Thousands of teens across the country think that hurting themselves is the only way they can feel better, even though they continue to feel alone and out of control. There are a lot of reasons why teens hurt themselves. None of them are your fault. This workbook offers a great way for you to make it happen. The exercises in Stopping the Pain will help you explore why you self-injure and give you lots of ideas how you can stop. The book will help you learn new skills for dealing with issues in your life, reduce your stress, and reach out to others when you need to.
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Cutting has been around for centuries and is best understood as a form of self-help, however misguided. People who cut, or intentionally injure their skin, often say it helps them relieve tension. Up until now, cutting has been categorized as a symptom of borderline personality disorder — an illness marked by unstable moods, impulsive actions and chaotic relationships. The problem is, the majority of those who cut don't have borderline personality disorder.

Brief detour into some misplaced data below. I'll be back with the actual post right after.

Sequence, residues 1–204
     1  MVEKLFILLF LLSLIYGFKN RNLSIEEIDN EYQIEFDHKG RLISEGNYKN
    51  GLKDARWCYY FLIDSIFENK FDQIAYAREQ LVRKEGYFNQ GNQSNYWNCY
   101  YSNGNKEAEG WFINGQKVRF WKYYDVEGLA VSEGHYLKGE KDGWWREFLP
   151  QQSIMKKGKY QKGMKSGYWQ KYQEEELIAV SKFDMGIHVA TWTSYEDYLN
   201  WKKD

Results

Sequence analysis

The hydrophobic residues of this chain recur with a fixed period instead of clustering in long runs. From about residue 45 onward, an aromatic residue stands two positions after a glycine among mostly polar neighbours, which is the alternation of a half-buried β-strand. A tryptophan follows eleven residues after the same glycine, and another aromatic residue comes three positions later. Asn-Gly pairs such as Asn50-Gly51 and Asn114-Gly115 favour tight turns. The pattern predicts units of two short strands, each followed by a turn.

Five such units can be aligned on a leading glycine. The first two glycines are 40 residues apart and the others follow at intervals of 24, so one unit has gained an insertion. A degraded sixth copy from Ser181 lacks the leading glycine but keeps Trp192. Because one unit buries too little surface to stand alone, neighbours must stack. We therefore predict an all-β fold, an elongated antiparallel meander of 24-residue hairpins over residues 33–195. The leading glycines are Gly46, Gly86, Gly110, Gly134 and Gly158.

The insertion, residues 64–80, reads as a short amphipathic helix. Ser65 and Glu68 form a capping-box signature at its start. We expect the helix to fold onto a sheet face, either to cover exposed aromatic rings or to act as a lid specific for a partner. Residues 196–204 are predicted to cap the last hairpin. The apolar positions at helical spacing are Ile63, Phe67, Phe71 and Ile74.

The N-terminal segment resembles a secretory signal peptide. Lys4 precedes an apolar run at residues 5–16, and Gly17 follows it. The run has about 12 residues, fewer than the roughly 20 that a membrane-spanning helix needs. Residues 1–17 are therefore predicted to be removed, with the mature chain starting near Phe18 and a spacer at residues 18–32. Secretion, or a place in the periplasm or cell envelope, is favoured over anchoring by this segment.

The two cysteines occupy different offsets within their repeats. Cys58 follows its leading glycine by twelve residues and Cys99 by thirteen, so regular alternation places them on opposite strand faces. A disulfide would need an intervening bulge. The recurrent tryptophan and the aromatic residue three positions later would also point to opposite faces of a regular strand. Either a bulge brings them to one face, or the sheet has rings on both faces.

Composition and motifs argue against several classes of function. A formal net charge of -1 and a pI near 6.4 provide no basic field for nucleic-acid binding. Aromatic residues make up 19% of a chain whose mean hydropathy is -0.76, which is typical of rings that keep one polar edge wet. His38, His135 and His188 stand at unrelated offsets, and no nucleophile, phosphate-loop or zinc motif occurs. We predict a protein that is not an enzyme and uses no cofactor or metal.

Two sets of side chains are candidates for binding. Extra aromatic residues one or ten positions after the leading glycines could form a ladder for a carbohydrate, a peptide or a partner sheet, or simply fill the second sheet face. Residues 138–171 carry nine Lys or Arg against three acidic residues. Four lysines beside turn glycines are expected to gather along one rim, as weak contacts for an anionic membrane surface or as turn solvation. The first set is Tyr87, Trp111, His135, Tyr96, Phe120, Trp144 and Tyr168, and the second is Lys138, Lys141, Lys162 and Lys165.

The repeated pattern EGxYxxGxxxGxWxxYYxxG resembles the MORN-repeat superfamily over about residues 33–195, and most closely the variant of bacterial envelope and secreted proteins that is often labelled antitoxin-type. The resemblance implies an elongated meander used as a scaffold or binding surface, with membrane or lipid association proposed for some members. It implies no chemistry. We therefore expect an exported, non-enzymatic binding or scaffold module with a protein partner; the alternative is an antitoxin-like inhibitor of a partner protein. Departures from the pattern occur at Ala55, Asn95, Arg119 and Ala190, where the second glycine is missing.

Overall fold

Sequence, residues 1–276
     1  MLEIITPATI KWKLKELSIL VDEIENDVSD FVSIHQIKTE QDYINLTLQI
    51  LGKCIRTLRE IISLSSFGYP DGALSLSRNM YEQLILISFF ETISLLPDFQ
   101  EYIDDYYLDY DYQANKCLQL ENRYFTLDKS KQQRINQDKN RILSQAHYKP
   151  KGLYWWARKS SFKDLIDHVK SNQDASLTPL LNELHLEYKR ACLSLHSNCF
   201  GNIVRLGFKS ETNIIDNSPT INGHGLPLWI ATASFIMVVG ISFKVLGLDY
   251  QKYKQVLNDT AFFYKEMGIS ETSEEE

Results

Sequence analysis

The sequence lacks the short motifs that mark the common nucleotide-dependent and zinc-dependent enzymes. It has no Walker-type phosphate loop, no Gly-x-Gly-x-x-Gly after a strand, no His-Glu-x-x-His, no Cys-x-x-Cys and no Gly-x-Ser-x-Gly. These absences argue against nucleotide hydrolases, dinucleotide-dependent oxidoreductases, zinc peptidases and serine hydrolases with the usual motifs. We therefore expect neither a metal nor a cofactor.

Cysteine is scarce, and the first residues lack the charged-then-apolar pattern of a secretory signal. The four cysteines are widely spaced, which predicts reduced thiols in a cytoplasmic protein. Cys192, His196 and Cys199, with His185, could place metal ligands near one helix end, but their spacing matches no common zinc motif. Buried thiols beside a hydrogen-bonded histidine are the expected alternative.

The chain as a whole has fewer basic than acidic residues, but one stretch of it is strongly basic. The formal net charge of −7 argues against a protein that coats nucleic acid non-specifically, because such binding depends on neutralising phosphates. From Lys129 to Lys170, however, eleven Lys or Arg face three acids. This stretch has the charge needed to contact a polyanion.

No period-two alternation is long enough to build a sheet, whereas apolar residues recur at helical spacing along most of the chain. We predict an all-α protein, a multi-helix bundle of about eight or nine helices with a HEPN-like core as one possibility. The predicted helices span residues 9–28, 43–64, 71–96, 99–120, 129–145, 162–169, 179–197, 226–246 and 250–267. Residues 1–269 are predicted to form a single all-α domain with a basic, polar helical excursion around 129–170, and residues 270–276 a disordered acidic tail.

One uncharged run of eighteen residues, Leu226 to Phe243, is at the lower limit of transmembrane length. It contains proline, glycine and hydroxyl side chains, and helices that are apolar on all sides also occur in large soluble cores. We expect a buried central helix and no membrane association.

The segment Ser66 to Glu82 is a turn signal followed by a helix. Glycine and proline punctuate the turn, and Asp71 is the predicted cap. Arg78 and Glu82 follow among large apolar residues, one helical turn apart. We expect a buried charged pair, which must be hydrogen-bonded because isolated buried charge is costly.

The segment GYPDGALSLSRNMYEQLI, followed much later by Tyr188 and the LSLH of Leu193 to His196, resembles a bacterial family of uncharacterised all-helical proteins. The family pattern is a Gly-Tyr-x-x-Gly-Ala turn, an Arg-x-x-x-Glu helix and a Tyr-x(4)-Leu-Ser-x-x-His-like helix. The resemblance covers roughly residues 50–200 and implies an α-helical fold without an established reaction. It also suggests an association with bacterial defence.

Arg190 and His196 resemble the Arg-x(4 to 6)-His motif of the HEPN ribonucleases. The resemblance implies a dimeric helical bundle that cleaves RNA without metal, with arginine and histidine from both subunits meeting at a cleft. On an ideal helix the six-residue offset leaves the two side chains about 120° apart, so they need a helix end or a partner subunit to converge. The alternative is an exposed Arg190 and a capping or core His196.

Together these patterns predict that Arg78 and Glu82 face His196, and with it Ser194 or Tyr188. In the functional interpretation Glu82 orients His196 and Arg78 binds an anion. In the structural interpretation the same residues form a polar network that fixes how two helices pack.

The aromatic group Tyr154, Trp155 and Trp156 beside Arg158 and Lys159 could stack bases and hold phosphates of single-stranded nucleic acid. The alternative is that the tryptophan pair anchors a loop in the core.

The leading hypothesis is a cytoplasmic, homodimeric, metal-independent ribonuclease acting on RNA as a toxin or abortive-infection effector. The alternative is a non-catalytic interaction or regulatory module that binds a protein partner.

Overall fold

Discovering that their teen? Without a clear understanding of what motivates cutting, many worry their teen may be contemplating suicide. Michael R.
Powerful mindfulness tools to help you move beyond self-harming thoughts and behaviors, so you can get back to living your life. Many teens struggle with difficult feelings and thoughts—and sometimes, when these thoughts feel overwhelming, you just want to feel something else. This is where self-harming behaviors, such as cutting, come in. But there are better ways to manage your pain.